The Maryland Racing Commission sent the corporate giants that control thoroughbred racing in the state back to the drawing board again Tuesday night, heaping more doubt upon the future of the racing industry — and the Preakness Stakes.
It was the second time in less than a month that the Maryland Jockey Club was denied its request for an abbreviated racing calendar in 2011. The state horsemen’s associations supported the move.
Because the club is not licensed to race next year at Laurel Park and Pimlico Race Course, the Preakness, long the lone bright spot in for the Maryland racing, appeared Tuesday to be in jeopardy.
“We are deeply disappointed by the decision of the commission to end live racing next year, and the Preakness, and send our employees home on Dec. 31 at the stroke of midnight,” said D. Eric Schippers, a spokesman for Penn National Gaming Inc., which co-owns the jockey club with MI Developments Inc.
“Today’s events have put the Preakness in jeopardy. There’s no question about that,” said Alan Foreman, attorney for the Maryland Thoroughbred Horsemen’s Association.
On Nov. 29, the commission rejected the jockey club’s plan for 47 racing days next year and since then, the future of the tracks has been a high-profile issue in the state. Representatives from MID and Penn National have met with racing industry officials and members of Gov. Martin O’Malley’s staff to try to hammer out a deal. And both Penn National Chairman and CEO Peter M. Carlino and MID Chairman Frank Stronach came to Tuesday’s meeting to plead their cases.
The commission left the door open for the jockey club to submit another proposal for racing in 2011. But Tuesday’s meeting exposed deep divides between the owners of the club as well as the growing sentiment among members of the state’s horse industry that both MID and Penn National need to go.
That view was shared publicly by at least three racing commissioners Tuesday.
“I think all of us have suffered long enough with the mismanagement of the tracks under [MID] over the last 10 years,” said Commissioner David Hayden. “Long term, for the betterment of Maryland racing, we need new ownership.”
Chairman Louis J. Ulman, who did not say the tracks need new ownership, said the state needs a year-round racing calendar, regardless if “this current owner changes its mind, or there’s a new owner.”
Both MID and Penn National have been steadfast in their assertions the club is not for sale. Many in attendance on Tuesday, however, said the state should exercise its eminent domain rights over Laurel, Pimlico and the Preakness and find a new owner that will keep them running.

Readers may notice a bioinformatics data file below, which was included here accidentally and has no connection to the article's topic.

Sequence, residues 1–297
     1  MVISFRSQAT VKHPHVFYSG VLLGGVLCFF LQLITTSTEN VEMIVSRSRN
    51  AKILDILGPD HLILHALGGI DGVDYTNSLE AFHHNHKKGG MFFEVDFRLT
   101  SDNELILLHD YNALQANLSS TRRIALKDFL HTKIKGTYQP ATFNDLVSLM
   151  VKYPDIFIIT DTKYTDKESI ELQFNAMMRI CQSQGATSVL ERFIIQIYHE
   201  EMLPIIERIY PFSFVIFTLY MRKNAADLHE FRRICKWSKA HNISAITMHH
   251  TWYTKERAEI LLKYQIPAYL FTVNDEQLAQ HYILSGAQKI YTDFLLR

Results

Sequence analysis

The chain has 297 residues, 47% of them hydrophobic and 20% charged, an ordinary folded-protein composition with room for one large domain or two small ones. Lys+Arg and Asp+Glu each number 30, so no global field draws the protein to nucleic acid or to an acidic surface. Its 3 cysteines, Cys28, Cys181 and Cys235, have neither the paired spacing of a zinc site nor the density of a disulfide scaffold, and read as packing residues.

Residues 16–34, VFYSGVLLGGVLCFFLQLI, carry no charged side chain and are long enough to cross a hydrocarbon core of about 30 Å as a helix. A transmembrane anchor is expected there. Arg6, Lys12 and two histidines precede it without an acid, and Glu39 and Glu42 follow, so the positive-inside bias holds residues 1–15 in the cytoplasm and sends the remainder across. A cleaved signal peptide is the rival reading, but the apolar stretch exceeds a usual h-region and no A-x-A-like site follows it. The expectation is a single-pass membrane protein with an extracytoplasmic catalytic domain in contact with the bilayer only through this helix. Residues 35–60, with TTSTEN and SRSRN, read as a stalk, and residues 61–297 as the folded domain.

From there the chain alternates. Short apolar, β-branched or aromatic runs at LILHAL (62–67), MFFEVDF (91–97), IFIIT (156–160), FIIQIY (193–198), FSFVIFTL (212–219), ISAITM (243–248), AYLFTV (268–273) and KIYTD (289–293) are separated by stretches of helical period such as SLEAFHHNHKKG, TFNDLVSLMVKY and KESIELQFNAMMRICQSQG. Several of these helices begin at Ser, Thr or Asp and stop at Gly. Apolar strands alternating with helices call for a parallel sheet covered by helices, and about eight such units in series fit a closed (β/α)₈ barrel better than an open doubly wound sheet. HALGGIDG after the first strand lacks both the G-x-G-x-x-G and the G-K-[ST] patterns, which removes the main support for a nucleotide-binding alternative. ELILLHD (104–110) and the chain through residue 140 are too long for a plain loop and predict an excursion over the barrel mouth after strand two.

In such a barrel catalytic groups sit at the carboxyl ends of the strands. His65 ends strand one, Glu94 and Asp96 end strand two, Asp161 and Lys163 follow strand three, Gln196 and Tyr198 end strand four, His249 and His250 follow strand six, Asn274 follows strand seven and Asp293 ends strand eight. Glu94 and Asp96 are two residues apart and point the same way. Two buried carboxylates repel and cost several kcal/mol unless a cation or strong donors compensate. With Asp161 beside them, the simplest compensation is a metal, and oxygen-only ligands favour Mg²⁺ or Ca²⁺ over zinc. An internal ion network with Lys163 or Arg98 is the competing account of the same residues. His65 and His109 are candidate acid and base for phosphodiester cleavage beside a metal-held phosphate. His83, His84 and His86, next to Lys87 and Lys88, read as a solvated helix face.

Gov. Martin O’Malley, who would have to pull the trigger on such a deal, said in a written statement that Tuesday’s result was “disappointing.”
“We are prepared to aggressively protect the State’s interests, as we did two years ago when presented with the threat of losing Maryland’s treasured Preakness Stakes,” he said, referring to the enactment of eminent domain legislation.
“I would encourage the track owners, industry representatives, and horsemen and breeders to return to the table and reach an agreement that protects the jobs that depend on our rich history of racing in Maryland,” he said. “We will continue to explore the legal options available to us.”
Further negotiations would have to bridge the gulfs that appeared to have opened up as a result of the discussions leading up to Tuesday’s meeting.
Commissioner John P. McDaniel told one Penn National executive that he “antagonized everyone in this state and you’re continuing your arrogant ways.”
And not only did the horsemen’s association blame the jockey club’s owners for the breakdown in negotiations, but Penn National and MID appeared to be at odds as well.
The club presented a plan that included 146 racing days in 2011 — the same number it raced in 2010 — but included an option for the club to end live racing on May 31 if it continued to operate in the red and legislative changes, like a reallocation of slots revenue, were not achieved.
MID’s Stronach said the plan would “give us a few months” to work out a viable way to run the tracks, by cutting costs, bringing in more visitors and reworking state aid to horse racing.
But Penn National’s Carlino said his company supported running only a short racing calendar in the absence of slots revenue to bolster the track’s operating budgets.
“We’re not going to jump off a bridge and commit some sort of minor financial suicide,” Carlino said. “We’re a public company. We can’t do that.”
The club’s plan also included a $1.7 million subsidy from the horsemen’s association.
Foreman, the attorney, said the association would have paid, if not for the guarantees of legislative victories and profitability the jockey club wanted.
“They’re holding everyone else hostage so they can get what they want, which is the Preakness,” he said.
Foreman said the association’s board voted Tuesday morning to withhold simulcasting rights next year if there is not an acceptable agreement in place. Under federal and state law, the association can cut off the signal of outside races coming into Maryland’s tracks, as well as the signal that carries Maryland races to other tracks.
Without simulcasting, Schippers said, the Preakness would be “a non-starter.”